Sharp-tailed Grouse Katsu with Japanese Kinpira

Sharp-tailed Grouse Katsu with Japanese Kinpira

by Jenny Wheatley (@foodforhunters |

I rarely ever get tired of eating sushi, but when craving something different and still Japanese, a bento box lunch is what my husband and I sometimes reach for. Chicken katsu is usually the main item, and to best describe this dish, it’s like the Japanese version of German schnitzel.

Katsu means “cutlet” in Japanese. While chicken is the most commonly used protein, you can pretty much coat and fry any kind of meat in Panko breadcrumbs, including wild game and fish. It fries up quickly and stays crispy longer than most other breading and batter combinations I’ve tried.

Sharp-tailed grouse aren’t large birds, but with this flour, egg and Panko coating, one bird can be enough to feed two people. Figure in rice and sides, grouse katsu is good for those slim days out hunting. You also won’t have to worry about the flavor of the meat getting lost: sharptail meat is on the darker side and will stand up well to the breading.

Some notes on processing and cooking sharp-tailed grouse: cool down birds as soon as possible. Complaints of sharptails tasting undesirable, and many dark-meat game birds for that matter, seem to stem from processing problems. Although we “aged” the birds for three days before cleaning them, we kept them cold the entire time.

Don’t quote me, but I’ve noticed that dark-meat birds can be especially sensitive to mistreatment; when exposed to warm temperatures, that livery, pungent taste comes out readily. I never have this issue with lighter birds such as pheasant, quail, chukar or wild turkey, which retain their mild flavors even if kept in the game bag a bit too long.

After processing, vacuum seal and freeze meat you won’t eat soon– and not in a milk jug of frozen water. Not that I wasn’t grateful, but for the longest time, I was convinced that I hated wild duck because I kept trying meat that other hunters gave us. The taste of a well-treated mallard versus an ill-treated one can be night and day. I suspect the same holds true for sharptails.

In the pan, do not cook sharptails past medium; it tastes best still rosy pink in the middle. We found the taste similar to teal and dove—delightfully gamy and delicious.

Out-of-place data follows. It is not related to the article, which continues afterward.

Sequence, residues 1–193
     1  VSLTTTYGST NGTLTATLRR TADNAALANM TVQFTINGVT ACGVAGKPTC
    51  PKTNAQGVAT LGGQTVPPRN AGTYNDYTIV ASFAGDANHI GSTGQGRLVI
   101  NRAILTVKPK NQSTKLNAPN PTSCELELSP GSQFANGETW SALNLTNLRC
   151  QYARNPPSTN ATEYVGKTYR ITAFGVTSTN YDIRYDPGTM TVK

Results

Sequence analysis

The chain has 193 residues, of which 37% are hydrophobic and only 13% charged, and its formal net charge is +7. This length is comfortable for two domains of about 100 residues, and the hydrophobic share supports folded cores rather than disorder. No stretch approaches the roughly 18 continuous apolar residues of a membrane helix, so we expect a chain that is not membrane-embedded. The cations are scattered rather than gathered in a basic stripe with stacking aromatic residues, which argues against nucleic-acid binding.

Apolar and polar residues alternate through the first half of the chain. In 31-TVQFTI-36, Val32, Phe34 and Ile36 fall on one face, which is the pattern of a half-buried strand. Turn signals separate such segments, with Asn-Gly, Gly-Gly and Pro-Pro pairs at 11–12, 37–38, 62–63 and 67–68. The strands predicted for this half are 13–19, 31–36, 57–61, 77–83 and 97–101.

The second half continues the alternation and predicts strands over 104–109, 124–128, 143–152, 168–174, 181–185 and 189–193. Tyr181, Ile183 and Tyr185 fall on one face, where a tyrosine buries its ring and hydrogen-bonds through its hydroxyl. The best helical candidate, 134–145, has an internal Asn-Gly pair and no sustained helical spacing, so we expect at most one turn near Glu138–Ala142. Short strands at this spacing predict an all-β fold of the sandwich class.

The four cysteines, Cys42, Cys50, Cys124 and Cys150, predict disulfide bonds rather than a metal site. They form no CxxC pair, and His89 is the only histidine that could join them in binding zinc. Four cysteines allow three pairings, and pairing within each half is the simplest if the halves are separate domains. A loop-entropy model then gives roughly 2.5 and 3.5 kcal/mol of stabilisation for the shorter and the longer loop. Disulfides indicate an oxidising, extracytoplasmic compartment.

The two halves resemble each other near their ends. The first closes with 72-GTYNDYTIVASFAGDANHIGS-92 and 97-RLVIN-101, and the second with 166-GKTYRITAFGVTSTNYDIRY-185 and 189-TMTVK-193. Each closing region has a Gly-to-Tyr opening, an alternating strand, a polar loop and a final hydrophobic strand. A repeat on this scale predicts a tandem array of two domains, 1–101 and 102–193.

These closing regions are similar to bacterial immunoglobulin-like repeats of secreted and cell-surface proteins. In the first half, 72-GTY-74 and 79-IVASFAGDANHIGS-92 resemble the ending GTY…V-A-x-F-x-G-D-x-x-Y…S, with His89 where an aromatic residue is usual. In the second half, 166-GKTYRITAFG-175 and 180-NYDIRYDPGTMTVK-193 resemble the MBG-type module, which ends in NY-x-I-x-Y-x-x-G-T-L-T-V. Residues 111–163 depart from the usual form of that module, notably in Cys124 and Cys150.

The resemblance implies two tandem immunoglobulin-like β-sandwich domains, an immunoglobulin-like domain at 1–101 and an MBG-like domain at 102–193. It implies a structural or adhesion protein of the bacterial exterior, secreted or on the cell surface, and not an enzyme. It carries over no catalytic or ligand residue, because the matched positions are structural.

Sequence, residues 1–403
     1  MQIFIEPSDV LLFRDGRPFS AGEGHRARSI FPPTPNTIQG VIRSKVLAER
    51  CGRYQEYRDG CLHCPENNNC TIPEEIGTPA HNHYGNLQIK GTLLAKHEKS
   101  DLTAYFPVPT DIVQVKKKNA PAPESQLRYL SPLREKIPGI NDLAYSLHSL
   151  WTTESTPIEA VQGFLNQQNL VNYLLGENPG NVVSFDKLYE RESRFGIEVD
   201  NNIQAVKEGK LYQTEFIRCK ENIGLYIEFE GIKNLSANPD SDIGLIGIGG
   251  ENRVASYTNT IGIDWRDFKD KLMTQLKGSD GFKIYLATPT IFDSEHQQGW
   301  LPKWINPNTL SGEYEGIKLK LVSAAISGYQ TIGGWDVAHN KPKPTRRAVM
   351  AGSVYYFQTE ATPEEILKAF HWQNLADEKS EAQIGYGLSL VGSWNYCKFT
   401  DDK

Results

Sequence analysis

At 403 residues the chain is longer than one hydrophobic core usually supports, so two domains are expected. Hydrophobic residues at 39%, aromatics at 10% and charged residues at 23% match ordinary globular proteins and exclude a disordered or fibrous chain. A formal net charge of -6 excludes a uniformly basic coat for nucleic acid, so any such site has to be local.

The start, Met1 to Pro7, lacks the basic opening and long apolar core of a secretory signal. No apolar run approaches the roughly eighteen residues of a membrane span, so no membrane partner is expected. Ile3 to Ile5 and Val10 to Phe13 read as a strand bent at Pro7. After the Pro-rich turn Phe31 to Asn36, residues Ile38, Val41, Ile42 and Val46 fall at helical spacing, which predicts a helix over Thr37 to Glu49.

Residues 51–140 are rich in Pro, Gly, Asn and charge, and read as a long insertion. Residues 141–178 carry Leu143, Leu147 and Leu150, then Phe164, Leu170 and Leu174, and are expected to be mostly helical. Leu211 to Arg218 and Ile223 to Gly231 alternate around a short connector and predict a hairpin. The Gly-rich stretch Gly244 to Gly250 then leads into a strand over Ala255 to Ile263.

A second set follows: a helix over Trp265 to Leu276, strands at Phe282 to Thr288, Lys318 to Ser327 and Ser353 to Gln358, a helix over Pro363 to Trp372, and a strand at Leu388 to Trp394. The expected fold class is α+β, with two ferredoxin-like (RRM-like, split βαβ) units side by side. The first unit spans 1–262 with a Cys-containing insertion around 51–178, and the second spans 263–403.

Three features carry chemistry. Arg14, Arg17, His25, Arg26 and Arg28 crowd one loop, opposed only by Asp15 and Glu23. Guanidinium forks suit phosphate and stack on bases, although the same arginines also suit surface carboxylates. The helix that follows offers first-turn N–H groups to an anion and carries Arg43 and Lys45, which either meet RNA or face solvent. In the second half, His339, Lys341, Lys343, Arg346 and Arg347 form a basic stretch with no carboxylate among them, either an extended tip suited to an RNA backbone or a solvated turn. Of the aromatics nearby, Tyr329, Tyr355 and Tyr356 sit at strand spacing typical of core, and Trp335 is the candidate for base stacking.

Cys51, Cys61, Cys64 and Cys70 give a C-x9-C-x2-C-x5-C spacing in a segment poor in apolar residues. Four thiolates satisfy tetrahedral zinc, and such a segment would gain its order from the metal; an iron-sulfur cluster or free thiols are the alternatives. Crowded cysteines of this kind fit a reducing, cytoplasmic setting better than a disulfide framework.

Servings: 2
Prep Time: 15 minutes
Cooking Time: 40 minutes


- 2 grouse breasts and 2 grouse legs (skin on or skin off)
- 1 large egg
- 1/3 cup of all-purpose flour
- 1½ cup of Panko breadcrumbs
- Kosher salt, to taste
- Freshly cracked pepper, to taste
- Vegetable oil for frying
- Bottled tonkatsu sauce, to taste
- Freshly chopped green onion, for garnish
- Cooked jasmine white rice



1. In a shallow bowl, beat egg until all whites are no longer visible and it begins to form small bubbles. Pour flour into another bowl. In a third bowl, combine Panko breadcrumbs with ¾ teaspoon of kosher salt and freshly cracked pepper to taste.

2. In a medium saucepan or deep skillet, heat 1½ inches of vegetable oil to 350 degrees Fahrenheit. When the temperature approaches 325 degrees, begin breading the grouse: First lightly coat pieces in flour, and then in the egg, and then coat with the Panko mixture.

Grouse cutlets frying in pan

Note: Watch the oil temperature carefully and get your ducks (or grouse) in a row before you add the meat; panko breadcrumbs can burn quickly. Use a candy/deep fryer thermometer and adjust the heat as necessary. Oil also shouldn’t be too cool; the breadcrumbs need to begin browning as soon as they hit the oil so that the grouse stays pink on the inside. The longer the meat needs to sit in the hot oil, the higher the chances that you’ll overcook the meat.

3. When oil reaches 350 degrees, fry breaded grouse until golden on both sides, flipping halfway through. Do not overcrowd the pan, and fry meat in batches if necessary. Drain and rest on a cooling rack or paper towels before serving. Serve grouse katsu with tonkatsu sauce, rice and chopped green onion.

Pictured, sharp-tailed grouse katsu is served with Japanese kinpira, a salty and sweet burdock root salad often served in bento box lunches.

Jenny and Rick Wheatley run, a wild game cooking blog. Keep up with what they’re cooking on Instagram @foodforhunters.


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